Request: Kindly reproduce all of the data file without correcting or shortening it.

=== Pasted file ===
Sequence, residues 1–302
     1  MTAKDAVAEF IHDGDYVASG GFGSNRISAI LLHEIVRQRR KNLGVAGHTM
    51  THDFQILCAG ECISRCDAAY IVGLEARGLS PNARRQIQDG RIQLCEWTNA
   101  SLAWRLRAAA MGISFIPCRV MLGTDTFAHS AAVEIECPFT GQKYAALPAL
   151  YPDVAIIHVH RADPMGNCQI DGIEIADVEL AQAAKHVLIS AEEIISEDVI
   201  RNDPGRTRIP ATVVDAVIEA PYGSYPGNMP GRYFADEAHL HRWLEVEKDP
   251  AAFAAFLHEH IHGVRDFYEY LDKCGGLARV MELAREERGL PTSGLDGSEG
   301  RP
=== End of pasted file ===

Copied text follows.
Sequence, residues 1–302
     1  MTAKDAVAEF IHDGDYVASG GFGSNRISAI LLHEIVRQRR KNLGVAGHTM
    51  THDFQILCAG ECISRCDAAY IVGLEARGLS PNARRQIQDG RIQLCEWTNA
   101  SLAWRLRAAA MGISFIPCRV MLGTDTFAHS AAVEIECPFT GQKYAALPAL
   151  YPDVAIIHVH RADPMGNCQI DGIEIADVEL AQAAKHVLIS AEEIISEDVI
   201  RNDPGRTRIP ATVVDAVIEA PYGSYPGNMP GRYFADEAHL HRWLEVEKDP
   251  AAFAAFLHEH IHGVRDFYEY LDKCGGLARV MELAREERGL PTSGLDGSEG
   301  RP